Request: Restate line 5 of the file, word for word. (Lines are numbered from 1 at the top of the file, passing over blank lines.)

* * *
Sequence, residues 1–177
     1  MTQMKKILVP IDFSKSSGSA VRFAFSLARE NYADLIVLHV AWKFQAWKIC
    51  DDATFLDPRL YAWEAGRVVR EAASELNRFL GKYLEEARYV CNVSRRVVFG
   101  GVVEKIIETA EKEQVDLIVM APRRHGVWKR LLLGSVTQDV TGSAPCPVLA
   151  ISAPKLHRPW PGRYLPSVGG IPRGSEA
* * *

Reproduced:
   151  ISAPKLHRPW PGRYLPSVGG IPRGSEA